by Robert J. Lanz, LCSW
“It’s not conditions. It’s decisions that shape your life.” – Tony Robbins
Goofballs. They’re everywhere. They’re the guys that could do a lot better in life but for some reason, don’t. They could. They should. Maybe they would. But most just go on about life in the goofball lane, depending on family, friends, luck, the system or some other cosmic source to hold them together when life gets tough. That’s most days for a real goofball. Goofballism- it happens to everyone some time. I call that a goofball moment. Some people spend their life in that moment. They’re goofballs.
George came to the ER stabbed all over his body, including a couple of significant and possibly life threatening, penetrations to the chest. Serious enough to activate the trauma team and get everybody pumped up for a while and get a lot of cops in the mix. We put in a chest tube, gave him a couple of units of blood and sewed him up. At trauma team speed, with everybody clicking, that only took about an hour and then George was stable. But, an hour is a log time to lay there and let people poke and probe and cut and sew so George certainly had enough time to think about his near death experience. He certainly had more than enough time to think about his story and get it straight for the cops. Now, most of us regular folks wouldn’t be so quick to consider all the angles but for the rest of the guys who do get into these situations on a regular basis, those would be the goofballs, lying and making stuff up is a natural act once you realize you are going to live through this particular near death experience.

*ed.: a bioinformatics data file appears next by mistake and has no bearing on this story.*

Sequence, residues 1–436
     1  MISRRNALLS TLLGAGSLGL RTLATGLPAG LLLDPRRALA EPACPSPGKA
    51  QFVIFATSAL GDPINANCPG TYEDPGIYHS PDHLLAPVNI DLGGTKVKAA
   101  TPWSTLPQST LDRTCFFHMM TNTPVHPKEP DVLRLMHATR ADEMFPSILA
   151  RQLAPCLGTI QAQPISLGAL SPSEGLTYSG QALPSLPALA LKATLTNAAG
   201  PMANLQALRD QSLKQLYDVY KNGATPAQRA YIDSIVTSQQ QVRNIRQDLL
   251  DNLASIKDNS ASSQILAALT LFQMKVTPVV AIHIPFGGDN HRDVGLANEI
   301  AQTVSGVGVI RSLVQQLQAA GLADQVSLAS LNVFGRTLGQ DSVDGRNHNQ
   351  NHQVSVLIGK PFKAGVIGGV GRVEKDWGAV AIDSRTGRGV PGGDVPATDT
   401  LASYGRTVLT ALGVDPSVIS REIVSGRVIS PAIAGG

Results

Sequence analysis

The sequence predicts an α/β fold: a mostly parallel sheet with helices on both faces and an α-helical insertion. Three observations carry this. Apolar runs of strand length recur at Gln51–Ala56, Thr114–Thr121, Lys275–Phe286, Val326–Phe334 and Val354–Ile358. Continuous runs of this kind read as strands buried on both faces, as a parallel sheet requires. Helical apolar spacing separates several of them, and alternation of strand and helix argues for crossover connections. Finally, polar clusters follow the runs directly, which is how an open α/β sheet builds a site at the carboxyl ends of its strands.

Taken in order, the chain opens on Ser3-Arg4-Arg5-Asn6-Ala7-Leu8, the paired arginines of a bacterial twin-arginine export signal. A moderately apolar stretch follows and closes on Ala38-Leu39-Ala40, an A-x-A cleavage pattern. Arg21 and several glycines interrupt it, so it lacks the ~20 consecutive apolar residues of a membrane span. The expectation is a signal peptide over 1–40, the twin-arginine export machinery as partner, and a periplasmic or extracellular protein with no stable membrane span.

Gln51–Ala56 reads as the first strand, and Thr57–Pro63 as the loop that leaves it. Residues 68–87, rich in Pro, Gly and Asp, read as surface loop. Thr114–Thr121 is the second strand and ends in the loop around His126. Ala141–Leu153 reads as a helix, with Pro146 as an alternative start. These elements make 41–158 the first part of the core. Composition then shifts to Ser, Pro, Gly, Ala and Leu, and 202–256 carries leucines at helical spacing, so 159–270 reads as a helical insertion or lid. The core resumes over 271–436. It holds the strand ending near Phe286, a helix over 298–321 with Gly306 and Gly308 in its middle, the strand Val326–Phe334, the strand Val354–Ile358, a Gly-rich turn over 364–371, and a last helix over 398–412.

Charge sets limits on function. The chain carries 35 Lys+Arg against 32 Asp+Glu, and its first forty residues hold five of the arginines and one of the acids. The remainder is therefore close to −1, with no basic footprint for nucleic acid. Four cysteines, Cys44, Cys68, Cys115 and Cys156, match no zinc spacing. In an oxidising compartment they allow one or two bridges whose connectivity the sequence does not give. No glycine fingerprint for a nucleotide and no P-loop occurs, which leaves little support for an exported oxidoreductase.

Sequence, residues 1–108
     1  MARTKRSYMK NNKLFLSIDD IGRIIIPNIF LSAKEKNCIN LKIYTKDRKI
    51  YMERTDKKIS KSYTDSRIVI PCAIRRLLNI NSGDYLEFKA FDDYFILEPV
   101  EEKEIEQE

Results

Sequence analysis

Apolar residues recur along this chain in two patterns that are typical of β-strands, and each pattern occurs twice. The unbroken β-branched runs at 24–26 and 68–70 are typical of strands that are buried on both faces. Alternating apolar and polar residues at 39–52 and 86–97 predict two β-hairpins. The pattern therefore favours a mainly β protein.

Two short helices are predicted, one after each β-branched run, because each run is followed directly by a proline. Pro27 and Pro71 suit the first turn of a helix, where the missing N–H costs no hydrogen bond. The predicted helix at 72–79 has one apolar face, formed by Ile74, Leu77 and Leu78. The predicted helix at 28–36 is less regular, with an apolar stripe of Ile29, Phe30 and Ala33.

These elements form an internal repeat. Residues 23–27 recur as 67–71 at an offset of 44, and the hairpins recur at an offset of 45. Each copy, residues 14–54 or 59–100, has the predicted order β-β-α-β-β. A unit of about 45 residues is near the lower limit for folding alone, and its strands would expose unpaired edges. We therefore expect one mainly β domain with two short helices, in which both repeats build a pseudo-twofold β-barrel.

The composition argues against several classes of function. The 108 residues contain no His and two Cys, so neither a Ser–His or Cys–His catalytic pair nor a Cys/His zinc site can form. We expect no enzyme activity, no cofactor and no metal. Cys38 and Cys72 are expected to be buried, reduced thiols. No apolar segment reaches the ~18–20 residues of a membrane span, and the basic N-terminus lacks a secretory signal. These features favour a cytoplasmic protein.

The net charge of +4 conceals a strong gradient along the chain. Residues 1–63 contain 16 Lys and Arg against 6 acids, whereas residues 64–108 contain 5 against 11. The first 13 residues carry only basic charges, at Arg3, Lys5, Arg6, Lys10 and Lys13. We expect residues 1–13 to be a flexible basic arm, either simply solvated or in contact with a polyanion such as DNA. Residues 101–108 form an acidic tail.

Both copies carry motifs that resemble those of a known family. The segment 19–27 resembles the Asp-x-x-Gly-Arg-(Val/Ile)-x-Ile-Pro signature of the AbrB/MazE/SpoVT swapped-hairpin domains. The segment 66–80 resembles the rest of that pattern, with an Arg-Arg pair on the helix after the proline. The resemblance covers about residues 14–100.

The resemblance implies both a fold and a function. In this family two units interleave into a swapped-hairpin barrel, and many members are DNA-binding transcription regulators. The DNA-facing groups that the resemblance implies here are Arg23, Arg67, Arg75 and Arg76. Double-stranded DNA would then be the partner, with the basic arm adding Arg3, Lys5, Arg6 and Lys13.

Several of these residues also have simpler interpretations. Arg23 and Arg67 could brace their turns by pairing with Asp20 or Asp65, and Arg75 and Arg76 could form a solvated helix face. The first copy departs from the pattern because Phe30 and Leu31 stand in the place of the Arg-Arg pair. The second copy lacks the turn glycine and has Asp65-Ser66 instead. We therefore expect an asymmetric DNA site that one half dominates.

George had a simple story, a common story, as in “I was just walking down the street (all covered with gang tattoos in someone else’s territory) and these three guys came up (the implication always being, if it was only one or two guys, they’d be here, not him) and they asked me where I was from.”
I guess he came from the wrong place and they stabbed him all over his body he said. In the subculture this goofball chose to join such confrontations and outcomes were daily events. It made sense to the cops. It made sense to us. It would probably make sense to his friends and family. Another goofball stabbed.
Our policy is to use a phony name when a crime victim is injured enough to be admitted into the hospital because we don’t want somebody coming into the intensive care unit to try and finish the job he started in the street and maybe take a couple of us with him. Anonymity is for our safety as well as the patients.